Cast & Crew
Fifteen years after the ravages of World War II destroyed their town, citizens of the small Italian village of Sant'Ambrogio, near Monte Cassino, have rebuilt their fields and houses and now face new challenges of sanitation, education and military service. In the small Haitian community of Fermathe, Georges Mouton, a Belgian United Nations official, works with natives on a project intended to improve agricultural conditions. Despite initial resistance and lack of enthusiasm, the Haitians adapt to the modern agricultural methods taught to them and the community flourishes among a new spirit of cooperation. In Kitimat, British Columbia, a hydroelectrical project is undertaken that involves building a dam and electrical plant that employs thousands of workers from thirty-one different countries. Problems of language and cultural barriers threaten the project, but by working together and realizing that basic problems in life are not insoluble, the project continues. In Kjeller, Norway, after all of the bees in his hive die, a beekeeper visits a nearby nuclear power plant to find out if the nuclear reactor caused the deaths. Physicist Odd Dahl discusses the dangers of radioactivity but also explains peacetime uses of atomic power and assures the man that the death of his bees was not due to his proximity to the plant.
New York Philharmonic
Gian Luigi Polidoro
V. R. Sarma
According to contemporary sources, Power Among Men was divided into four distinct sections respectively filmed in Italy, Haiti, Canada and Norway. According to an article in The Times (London), the film was "punctuated by shots of exquisite statues surviving from the Mayan and other dead civilizations and by indiscriminately destructive atomic explosions."
Some of the sections were preceded by black-and-white documentary footage used to establish historical background or introduce the new footage. According to an April 1959 Saturday Review (of Literature) article, many Italian villagers captured on black-and-white film in 1946 by documentarians Julien Bryan and Victor Vicas, were filmed again for the new color footage. According to various contemporary sources, the only professional actor in the film was the man who portrayed the beekeeper in the Norwegian sequence. Power Among Men was the first feature film made by the United Nations, and was produced under the auspices of the Film Services Division of the United Nations Office of Public Information.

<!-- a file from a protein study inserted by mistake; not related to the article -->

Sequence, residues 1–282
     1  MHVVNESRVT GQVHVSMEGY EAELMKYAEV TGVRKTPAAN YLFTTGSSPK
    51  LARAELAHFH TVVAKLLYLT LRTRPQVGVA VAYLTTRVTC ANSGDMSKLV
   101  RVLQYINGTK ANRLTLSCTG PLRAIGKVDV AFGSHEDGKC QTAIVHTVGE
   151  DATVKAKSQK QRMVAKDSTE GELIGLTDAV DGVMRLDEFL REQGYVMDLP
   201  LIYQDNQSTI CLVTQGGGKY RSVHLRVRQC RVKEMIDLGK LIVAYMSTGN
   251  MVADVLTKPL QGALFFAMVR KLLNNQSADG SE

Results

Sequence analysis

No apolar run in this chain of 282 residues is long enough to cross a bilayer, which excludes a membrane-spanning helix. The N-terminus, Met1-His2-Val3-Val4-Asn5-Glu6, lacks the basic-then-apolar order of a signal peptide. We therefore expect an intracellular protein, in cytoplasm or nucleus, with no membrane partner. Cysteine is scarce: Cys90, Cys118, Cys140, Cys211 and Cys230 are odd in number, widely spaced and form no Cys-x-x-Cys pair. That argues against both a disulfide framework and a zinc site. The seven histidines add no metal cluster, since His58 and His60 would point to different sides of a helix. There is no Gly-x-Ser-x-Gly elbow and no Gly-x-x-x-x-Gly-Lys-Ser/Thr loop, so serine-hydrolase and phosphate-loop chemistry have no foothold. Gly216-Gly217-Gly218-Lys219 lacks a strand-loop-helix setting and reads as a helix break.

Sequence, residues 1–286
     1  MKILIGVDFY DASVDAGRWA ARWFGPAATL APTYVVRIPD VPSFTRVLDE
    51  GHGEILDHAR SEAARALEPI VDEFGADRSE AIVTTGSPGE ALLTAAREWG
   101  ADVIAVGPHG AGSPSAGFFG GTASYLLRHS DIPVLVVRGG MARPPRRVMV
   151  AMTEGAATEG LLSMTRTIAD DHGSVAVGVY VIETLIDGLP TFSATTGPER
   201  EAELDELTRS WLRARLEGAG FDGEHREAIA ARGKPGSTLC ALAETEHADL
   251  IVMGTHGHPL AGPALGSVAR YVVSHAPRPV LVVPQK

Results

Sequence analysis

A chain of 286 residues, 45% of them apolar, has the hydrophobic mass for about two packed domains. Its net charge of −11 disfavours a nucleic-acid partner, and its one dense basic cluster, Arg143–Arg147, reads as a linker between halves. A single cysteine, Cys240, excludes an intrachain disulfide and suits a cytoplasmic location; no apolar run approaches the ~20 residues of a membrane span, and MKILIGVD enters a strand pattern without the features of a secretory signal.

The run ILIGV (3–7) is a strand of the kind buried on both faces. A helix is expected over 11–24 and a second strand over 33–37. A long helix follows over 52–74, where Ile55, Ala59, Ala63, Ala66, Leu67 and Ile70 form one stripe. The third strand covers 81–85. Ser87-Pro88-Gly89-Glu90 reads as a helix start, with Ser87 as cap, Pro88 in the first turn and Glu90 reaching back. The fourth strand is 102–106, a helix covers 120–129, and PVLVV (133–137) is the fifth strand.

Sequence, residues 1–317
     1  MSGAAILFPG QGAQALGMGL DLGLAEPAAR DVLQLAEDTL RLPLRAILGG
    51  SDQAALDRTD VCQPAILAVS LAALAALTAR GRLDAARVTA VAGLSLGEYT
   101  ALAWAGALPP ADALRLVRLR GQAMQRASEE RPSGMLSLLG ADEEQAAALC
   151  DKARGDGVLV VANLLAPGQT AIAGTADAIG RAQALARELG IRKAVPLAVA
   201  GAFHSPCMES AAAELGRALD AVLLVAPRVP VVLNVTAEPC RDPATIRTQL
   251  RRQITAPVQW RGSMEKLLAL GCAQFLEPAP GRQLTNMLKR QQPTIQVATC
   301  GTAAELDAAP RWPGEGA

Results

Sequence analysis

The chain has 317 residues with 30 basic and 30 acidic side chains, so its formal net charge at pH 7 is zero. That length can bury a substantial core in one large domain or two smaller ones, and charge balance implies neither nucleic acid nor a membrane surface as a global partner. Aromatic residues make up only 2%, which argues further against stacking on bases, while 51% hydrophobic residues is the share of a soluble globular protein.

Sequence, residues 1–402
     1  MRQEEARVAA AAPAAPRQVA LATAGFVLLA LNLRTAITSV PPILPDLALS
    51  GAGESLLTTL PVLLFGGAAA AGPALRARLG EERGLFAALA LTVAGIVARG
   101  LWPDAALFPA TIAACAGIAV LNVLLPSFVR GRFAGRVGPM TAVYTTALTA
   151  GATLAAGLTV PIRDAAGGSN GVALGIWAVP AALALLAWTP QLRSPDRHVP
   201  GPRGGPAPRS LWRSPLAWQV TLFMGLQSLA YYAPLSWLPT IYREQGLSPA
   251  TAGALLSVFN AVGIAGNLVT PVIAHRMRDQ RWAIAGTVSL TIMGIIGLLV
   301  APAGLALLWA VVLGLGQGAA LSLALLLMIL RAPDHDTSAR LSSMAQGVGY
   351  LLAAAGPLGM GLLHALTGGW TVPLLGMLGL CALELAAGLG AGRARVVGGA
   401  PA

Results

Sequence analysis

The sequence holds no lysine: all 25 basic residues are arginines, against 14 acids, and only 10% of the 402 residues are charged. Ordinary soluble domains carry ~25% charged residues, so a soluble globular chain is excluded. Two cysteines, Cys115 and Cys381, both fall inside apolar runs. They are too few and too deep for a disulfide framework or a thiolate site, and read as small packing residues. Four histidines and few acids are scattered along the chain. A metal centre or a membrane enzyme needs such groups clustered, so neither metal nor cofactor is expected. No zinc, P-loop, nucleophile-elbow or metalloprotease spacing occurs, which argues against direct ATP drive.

Feature articles on the film in Saturday Review (of Literature) and New Yorker noted that British producer Thorold Dickinson, in collaboration with Czech director Alexander Hammid and Italian director Gian Luigi Polidoro, was the principal architect of the film.
Some contemporary sources referred to the film as American, others listed it as British, while most referred to the country of origin simply as "United Nations." Although some news items prior to the film's distribution in the United States indicated that Marlon Brando was to record a narration for the film's American release, all contemporary reviews and feature articles on the film credit the original narrator, British actor Laurence Harvey, and it is possible that Brando never recorded a new narration.
According to a Hollywood Reporter news item, in May 1959, the film was awarded New York City College's Robert J. Flaherty Award for "outstanding creative achievement in the documentary film." Although the film had many invitational screenings in New York, Los Angeles and elsewhere, was presented at the Berlin Film Festival in June 1959 and had several lengthy and praiseworthy reviews, according to an article on the film in the November 19, 1960 issue of the Catholic magazine Ave Maria, the film was unable to obtain a U.S. distributor. According to the article, the film was, however, being widely shown in schools, churches and motion picture study clubs.